TORONTO – There are many dishes on the menu at Kukum Kitchen that reflect chef Joseph Shawana’s upbringing on the Wiikwemkoong Unceded Reserve on Manitoulin Island, but one in particular has attracted a great deal of controversy: seal tartare.
An online petition launched last week called for the Toronto restaurant to remove seal meat from its menu, stating that “seal slaughters are very violent, horrific, traumatizing and unnecessary.”
The petition has attracted over 4,500 digital signatures from around the world and prompted a slew of one-star reviews for the restaurant on Facebook and Yelp.
Toronto-based Anishinaabe artist Aylan Couchie launched a counter-petition in response, which has been shared by musician Tanya Tagaq and has nearly matched the support of the original campaign.
Lenore Newman, the Canada Research Chair for Food Security and Environment and author of “Speaking in Tongues: A Canadian Culinary Journey,” considers some of the practices in raising chicken and pork for consumption to be far more cruel — and far more common — than the seal hunt.
“Even if (the original petition) is well-intentioned, there are literally thousands of restaurants in Toronto that serve meat that is produced in much worse ways,” says Newman, adding that seal meat is an easy target for criticism because its roots are Inuit.
“I do think there is some underlying racism in our culture around other people’s food. In Canada we have this huge history of oppressing Indigenous cuisine, and telling Indigenous people how they should be eating.
“Controlling people’s food is about controlling them.”
The practice of hunting seal, whether for meat or fur, has been controversial for years. High-profile animal rights advocates including Pamela Anderson, Paul McCartney and Morrissey have criticized Canada’s seal hunt and imports of seal products are banned in the United States and the European Union.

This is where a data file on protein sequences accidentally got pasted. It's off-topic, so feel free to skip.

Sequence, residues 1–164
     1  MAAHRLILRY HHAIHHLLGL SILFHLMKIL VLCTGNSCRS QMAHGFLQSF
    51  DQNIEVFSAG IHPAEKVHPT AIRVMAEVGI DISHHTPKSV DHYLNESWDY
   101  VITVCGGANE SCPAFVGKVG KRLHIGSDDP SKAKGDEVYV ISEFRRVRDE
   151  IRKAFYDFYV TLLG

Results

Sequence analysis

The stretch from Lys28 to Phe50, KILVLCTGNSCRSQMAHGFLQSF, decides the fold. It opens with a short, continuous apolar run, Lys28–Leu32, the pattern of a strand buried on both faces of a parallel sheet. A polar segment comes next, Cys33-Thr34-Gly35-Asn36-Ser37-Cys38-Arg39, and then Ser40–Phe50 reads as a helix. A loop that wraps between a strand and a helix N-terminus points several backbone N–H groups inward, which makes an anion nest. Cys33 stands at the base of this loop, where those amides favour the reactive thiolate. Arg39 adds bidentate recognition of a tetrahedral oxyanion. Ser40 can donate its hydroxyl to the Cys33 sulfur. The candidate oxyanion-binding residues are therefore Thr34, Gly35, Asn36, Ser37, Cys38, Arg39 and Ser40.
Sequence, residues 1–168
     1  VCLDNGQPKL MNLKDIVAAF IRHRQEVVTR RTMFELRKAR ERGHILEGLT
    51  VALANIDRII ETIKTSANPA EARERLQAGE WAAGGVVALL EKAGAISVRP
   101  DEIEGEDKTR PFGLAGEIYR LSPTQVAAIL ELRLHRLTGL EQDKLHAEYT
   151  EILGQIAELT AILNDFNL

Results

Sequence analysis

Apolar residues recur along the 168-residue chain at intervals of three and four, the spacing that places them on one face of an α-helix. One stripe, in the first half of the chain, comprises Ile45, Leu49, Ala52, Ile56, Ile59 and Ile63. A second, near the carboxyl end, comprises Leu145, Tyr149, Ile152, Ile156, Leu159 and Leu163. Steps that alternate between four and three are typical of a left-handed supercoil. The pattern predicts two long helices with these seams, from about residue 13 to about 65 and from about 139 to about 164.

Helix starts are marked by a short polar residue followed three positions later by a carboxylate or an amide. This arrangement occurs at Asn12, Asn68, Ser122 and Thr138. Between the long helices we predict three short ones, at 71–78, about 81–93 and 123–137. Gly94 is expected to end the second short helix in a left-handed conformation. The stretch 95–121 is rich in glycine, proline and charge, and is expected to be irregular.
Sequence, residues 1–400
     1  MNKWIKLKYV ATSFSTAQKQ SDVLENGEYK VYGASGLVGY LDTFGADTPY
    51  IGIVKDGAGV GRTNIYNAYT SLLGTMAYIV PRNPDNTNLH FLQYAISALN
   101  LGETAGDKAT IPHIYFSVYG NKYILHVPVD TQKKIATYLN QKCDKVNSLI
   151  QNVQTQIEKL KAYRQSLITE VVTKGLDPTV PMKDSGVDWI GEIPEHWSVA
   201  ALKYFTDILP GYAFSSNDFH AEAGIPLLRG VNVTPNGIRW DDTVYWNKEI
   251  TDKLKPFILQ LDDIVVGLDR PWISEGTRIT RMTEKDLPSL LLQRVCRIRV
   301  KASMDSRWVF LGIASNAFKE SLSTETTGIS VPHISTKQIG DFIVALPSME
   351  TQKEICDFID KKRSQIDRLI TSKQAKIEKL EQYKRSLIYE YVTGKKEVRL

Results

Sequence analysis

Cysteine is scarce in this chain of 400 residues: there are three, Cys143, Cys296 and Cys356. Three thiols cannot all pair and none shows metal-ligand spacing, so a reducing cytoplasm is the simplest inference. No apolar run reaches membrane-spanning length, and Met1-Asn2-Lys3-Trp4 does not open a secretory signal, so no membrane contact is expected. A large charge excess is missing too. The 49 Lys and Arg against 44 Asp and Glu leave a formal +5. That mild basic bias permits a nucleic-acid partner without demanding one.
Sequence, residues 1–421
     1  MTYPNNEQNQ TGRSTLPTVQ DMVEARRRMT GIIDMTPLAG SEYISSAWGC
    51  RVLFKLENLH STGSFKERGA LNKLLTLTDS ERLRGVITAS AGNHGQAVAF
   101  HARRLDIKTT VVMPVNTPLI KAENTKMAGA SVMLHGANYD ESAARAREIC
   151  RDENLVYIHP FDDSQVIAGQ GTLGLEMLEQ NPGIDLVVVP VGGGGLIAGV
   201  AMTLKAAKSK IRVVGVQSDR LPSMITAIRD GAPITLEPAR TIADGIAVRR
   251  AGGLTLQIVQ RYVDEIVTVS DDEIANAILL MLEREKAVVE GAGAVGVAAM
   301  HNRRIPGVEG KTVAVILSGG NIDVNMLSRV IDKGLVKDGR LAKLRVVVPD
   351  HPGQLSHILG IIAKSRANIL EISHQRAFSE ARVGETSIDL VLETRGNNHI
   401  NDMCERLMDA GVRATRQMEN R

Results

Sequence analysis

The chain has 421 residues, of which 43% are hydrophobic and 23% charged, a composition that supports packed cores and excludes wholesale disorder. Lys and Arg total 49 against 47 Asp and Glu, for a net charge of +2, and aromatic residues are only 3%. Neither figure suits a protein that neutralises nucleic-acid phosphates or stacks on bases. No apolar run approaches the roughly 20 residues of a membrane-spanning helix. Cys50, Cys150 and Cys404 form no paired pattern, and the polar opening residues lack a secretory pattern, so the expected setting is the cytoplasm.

Defenders of the seal hunt cite its economic and cultural significance, particularly in Inuit communities.
The author of the original petition, whose name is no longer attached but who has been identified elsewhere as “Jennifer,” said she was not singling out any specific cultural practice.
“Although this is an Indigenous restaurant, the seal meat comes from a commercial company called SeaDNA therefore has nothing to do with the Indigenous hunt,” she wrote online.
In her counter-petition, Couchie wrote that she disagreed with that assessment.
“After reading our emailed concerns, Jennifer’s response was to assure us that she is ‘not anti-Indigenous’ and stated that, ‘the slaughter of any being is wrong’ — which begs the question: Why is Jennifer N. targeting an Indigenous restaurant when there are literally hundreds of restaurants in Toronto that serve meat?”
Seal hunting advocates say that like any other commercial meat trade, the practice can be done ethically. In a statement shared by Couchie on Twitter, Shawana said he spent months researching seal meat suppliers before settling on SeaDNA.
“As an avid hunter I was taught at a very young age to respect the animals as a whole,” Shawana said.
He did not immediately respond to an interview request on Thursday.
Jonas Gilbart, a sales representative for SeaDNA, says the company follows a sustainable model and uses methods that are more humane than the ones used by commercial slaughterhouses.
“Without sustainability, we don’t have an industry,” Gilbart says.
Seal hunting is heavily regulated by the Department of Fisheries and Oceans, and Gilbart estimates that last year, SeaDNA only harvested about 17 per cent of the quota set by the government.
“We don’t harvest without knowing that we can actually utilize the animal,” he says.
Like Newman, he thinks there’s some degree of hypocrisy in animal rights advocates who protest the seal hunt rather than factory-farmed chickens or industrial abattoirs.
“If (seals) weren’t cute, we would probably have a much easier job.”